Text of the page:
Get a Life: Talking transition and health care
The Obama transition team came close to home, locally that is. Two different community discussions on health care reform, in response to the Obama-Biden Transition Team, were held in Bethesda and Cabin John, Md.
An interested citizen who happens to be a federal employee and health policy analyst, not associated with the transition, voluntarily led one of the discussions. I attended to see how it went and add my two cents.
For more than 90 minutes, a diverse group of 19 interested people conversed about the challenges and opportunities in reforming the U.S. health care system. The event, held at Adat Shalom Reconstructionist Congregation in Bethesda, Md., was one of thousands that took place during the last two weeks of December.
Among this small but fairly representative group were four physicians (the National Institutes of Health, after all, is in Bethesda), one person without health insurance, several who called themselves underinsured, some with Medicare and others concerned about a lack of preventive health services for their children.
They followed the format provided by the transition team, answering a set of questions and checking off a brief survey. The first question was the most controversial: what do you perceive to be the biggest problem in the health system?
Ideas were as diverse as the group, but the common theme was that everyone felt some fear or some frustration about the health care system today. Most felt the biggest problem was the number of people without health insurance. One physician said he couldn’t see how it would be possible to put universal health care on top of a broken system.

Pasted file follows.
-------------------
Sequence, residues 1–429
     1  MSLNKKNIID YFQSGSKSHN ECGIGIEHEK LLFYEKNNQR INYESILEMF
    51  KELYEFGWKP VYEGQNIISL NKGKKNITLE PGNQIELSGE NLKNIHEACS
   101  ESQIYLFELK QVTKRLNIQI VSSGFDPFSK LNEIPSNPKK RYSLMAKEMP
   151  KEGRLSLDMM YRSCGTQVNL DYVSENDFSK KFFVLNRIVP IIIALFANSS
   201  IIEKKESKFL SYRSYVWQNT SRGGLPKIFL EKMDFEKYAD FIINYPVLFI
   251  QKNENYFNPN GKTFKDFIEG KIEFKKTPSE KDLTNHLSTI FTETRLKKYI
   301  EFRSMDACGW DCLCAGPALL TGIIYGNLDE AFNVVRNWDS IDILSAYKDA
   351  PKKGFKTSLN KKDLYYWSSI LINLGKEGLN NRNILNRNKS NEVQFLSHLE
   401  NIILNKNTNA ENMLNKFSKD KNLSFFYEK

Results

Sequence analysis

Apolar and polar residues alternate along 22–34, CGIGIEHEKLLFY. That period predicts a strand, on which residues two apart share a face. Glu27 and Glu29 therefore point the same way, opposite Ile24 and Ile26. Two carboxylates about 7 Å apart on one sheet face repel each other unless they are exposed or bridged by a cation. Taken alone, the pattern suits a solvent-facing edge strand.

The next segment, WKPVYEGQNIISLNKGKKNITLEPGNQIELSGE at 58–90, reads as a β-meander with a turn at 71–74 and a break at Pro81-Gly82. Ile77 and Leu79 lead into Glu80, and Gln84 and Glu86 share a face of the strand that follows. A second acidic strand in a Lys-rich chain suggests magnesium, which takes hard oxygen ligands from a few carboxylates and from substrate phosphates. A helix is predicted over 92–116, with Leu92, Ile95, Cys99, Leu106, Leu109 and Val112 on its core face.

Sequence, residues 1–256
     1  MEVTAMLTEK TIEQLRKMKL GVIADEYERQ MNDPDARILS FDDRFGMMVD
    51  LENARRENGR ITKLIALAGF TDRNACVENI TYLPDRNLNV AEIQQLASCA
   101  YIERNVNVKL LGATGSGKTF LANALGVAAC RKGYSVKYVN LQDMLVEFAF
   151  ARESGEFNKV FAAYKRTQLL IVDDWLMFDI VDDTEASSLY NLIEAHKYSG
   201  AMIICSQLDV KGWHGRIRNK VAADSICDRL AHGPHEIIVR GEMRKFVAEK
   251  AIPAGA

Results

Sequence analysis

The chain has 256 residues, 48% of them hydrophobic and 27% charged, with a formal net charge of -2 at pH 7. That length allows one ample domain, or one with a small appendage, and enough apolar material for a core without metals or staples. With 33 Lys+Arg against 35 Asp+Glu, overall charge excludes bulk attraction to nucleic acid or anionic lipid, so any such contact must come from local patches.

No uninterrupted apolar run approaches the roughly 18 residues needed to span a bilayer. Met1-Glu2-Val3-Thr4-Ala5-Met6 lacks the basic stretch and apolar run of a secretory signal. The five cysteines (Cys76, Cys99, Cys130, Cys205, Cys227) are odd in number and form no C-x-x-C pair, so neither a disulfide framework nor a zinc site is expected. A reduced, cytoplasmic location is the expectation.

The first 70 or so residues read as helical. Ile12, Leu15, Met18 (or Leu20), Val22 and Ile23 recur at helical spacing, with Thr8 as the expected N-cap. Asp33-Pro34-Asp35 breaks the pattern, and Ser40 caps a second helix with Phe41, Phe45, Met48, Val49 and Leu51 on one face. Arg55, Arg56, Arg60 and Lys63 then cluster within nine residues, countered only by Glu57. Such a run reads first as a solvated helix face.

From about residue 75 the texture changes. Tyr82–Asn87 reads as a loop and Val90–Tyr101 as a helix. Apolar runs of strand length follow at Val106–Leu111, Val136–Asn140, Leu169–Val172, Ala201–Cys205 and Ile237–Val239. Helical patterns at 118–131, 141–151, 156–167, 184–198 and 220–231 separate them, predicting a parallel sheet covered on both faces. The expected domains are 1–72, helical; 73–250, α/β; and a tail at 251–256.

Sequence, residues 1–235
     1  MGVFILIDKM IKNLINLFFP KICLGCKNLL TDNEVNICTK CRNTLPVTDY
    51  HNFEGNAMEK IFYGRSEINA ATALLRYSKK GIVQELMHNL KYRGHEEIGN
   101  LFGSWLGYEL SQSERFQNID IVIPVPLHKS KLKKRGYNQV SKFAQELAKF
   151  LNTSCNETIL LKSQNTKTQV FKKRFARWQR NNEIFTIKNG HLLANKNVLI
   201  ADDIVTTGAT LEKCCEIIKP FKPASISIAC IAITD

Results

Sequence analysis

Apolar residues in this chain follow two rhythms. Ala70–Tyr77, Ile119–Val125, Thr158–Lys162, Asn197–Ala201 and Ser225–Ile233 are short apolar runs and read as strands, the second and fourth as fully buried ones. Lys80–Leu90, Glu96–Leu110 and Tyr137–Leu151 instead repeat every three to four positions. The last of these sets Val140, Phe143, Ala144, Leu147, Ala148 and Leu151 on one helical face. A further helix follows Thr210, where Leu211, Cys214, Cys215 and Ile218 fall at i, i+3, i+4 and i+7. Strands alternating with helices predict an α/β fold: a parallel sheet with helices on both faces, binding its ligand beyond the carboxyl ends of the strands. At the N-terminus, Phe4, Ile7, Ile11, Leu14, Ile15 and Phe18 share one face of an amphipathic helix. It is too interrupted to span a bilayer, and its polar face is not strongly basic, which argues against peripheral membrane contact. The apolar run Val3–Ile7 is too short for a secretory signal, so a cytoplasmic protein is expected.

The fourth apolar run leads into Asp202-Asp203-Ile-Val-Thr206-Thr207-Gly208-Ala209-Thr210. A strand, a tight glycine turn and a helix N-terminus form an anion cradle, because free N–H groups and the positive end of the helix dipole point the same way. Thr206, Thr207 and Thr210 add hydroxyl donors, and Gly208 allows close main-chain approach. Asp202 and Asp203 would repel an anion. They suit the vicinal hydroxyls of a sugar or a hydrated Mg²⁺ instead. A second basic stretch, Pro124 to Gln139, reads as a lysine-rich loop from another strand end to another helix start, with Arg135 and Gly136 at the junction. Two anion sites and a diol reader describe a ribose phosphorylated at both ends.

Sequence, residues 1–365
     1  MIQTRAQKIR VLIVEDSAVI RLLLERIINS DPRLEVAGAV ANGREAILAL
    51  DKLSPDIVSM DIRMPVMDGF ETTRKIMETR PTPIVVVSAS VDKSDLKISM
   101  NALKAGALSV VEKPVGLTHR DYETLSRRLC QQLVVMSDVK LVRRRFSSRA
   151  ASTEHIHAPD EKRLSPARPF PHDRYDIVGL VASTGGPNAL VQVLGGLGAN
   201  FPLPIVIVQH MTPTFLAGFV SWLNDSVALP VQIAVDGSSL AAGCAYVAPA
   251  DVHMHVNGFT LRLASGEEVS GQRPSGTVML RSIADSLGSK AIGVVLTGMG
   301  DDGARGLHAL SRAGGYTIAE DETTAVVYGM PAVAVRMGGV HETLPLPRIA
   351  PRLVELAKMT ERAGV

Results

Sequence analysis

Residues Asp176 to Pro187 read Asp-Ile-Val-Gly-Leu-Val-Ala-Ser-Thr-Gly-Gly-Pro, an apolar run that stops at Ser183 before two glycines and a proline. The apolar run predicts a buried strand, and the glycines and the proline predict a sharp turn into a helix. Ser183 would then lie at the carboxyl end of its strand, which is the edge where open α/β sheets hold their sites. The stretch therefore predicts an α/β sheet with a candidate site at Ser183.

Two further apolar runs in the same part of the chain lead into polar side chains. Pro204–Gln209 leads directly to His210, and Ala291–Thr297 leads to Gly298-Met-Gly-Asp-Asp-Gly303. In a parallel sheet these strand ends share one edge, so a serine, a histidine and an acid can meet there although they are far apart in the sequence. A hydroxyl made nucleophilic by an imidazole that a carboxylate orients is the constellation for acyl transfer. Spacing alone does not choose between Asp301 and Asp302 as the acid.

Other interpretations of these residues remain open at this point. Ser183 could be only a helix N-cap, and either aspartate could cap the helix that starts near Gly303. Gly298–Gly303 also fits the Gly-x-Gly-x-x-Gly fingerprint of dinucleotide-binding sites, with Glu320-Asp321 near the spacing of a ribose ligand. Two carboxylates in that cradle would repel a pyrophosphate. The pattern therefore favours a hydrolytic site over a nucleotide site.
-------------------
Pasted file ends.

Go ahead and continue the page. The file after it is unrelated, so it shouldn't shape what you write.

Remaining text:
An elderly person said the Medicare drug program is not working. A federal employee commented that even the federal health insurance program, “the best of the best,” had problems. She cited the Blue Cross change to less coverage and more expense for out-of-network surgery.
On health care delivery, commenters talked about human contact being devalued, high costs of care, and need for more preventive services such as weight loss and nutrition. One suggested the need for a physician-assisted “health-ipedia” Web site to advise on common illnesses such as colds.
For my two cents, I talked about bringing health care providers into the 21st century with greater use of Web-based technology. I also suggested ending the plethora of pharmaceutical ads on television. Small ideas, perhaps, but aimed at reducing health care costs.
A last survey question was how follow-up should occur – more community group discussion, White House summit, or congressional hearings on C-Span?
This issue has been talked and talked about for a decade or more. It is now time for the Obama team to come up with an action plan.
Posted by Judith Welles on Jan 06, 2009 at 12:12 PM